Loading waste into the shredder at the materials reclamation center.
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Davenport Works Reduces Landfilled Waste by 66%
An onsite materials reclamation facility and the reuse of non-recyclable industrial waste as an alternative fuel has helped Alcoa’s Davenport Works in Iowa, USA, reduce the amount of waste it sends to the landfill annually by 66% since 2005.
Davenport Works, which produces aerospace and automotive products, is striving to achieve Alcoa’s global goal of zero waste to landfill by 2030. By the end of 2014, the facility is expected to exceed the global interim 2020 goal of a 75% reduction in landfilled waste from a 2005 baseline.
Waste reduction starts on the plant floor, where employees collect all industrial recyclables and trash. This includes wood, paper, plastic, cardboard, oily absorbent material, wastewater filter cake, filter paper, scrap metal, and more. Yard waste is also collected and composted.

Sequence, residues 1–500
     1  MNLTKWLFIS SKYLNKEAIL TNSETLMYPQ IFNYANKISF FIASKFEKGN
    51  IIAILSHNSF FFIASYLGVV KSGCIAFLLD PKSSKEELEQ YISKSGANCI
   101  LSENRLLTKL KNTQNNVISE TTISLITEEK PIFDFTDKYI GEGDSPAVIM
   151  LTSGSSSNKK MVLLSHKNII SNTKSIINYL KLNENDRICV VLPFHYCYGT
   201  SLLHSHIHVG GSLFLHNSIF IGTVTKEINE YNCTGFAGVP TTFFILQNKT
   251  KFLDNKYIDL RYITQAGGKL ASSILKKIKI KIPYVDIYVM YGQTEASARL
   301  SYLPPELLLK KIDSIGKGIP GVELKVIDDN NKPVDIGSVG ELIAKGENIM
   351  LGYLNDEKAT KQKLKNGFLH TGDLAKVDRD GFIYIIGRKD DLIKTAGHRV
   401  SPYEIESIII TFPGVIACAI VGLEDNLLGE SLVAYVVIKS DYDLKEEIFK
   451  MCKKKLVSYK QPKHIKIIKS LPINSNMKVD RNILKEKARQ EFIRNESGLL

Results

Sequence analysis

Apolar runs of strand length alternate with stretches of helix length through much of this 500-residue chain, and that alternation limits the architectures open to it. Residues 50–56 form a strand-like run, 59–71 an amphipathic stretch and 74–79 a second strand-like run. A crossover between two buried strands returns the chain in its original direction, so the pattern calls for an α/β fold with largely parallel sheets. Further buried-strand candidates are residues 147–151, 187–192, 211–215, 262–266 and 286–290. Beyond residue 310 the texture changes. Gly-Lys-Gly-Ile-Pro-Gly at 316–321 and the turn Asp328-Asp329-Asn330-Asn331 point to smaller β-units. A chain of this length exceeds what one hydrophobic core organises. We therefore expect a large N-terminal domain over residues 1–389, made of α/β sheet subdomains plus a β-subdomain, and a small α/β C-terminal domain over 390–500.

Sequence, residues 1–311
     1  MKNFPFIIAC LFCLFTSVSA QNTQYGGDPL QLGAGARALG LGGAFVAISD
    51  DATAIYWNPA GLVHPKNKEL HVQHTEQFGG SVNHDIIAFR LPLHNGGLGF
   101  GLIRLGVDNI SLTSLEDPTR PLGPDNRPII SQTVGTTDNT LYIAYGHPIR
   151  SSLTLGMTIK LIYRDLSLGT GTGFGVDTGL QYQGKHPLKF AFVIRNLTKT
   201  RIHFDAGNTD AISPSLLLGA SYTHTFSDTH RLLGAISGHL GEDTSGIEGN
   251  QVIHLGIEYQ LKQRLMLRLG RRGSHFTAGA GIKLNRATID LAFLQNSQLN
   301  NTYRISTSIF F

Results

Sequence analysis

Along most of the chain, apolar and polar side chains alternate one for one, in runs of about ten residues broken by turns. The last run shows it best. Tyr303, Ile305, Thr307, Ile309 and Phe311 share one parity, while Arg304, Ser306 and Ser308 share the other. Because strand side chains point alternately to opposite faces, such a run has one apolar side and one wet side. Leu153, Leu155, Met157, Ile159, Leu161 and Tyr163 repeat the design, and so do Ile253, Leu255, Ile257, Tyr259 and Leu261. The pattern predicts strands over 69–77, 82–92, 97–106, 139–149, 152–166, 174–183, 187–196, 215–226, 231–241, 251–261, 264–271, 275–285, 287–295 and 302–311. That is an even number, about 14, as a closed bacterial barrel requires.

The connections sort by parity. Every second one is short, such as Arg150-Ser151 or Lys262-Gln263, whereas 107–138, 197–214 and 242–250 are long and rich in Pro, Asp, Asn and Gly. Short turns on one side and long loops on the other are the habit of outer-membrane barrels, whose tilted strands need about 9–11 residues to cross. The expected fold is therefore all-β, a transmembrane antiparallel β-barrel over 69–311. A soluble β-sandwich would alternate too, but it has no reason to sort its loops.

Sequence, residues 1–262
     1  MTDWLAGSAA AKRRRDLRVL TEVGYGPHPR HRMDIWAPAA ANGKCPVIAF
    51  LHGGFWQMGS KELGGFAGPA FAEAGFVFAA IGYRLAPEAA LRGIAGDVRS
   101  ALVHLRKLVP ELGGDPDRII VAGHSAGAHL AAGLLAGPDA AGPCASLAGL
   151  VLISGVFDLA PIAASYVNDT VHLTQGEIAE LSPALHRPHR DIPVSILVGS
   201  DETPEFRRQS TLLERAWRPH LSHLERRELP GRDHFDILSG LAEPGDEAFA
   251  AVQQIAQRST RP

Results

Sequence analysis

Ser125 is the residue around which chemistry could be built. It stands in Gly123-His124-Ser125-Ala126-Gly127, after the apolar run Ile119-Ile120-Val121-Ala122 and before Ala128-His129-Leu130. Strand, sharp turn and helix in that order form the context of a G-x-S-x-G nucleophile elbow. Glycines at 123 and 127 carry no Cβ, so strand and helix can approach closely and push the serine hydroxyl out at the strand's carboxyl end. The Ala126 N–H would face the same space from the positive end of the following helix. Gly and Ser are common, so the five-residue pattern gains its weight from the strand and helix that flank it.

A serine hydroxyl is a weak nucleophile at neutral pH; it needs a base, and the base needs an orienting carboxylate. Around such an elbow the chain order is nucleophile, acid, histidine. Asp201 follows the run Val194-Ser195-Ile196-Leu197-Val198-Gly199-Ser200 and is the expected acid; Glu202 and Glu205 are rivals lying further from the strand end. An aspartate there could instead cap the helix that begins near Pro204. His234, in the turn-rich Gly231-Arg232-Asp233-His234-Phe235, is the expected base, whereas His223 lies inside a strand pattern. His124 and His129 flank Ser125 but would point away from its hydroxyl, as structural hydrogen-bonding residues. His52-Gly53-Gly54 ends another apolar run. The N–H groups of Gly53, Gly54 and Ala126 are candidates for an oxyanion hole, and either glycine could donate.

The comingled waste goes to the onsite contractor-operated 929-square-meter (10,000-square-foot) materials reclamation center to be sorted manually and then sent to third-party recyclers. Industrial trash that is not recyclable is shredded at the facility and provided to a nearby cement kiln to be used as an alternative fuel. Wastewater filter cake is also used as a raw material in the manufacture of Portland cement, further reducing landfilled amounts.
In 2005, the facility sent approximately 5,200 metric tons of waste to the landfill. Since the onsite materials reclamation center opened in late 2012, that amount has declined to around 1,770 metric tons annually—a 66% reduction. Davenport Works and the reclamation center continue to improve their processes and are focused on finding ways to recycle or reuse the remaining 34% of waste.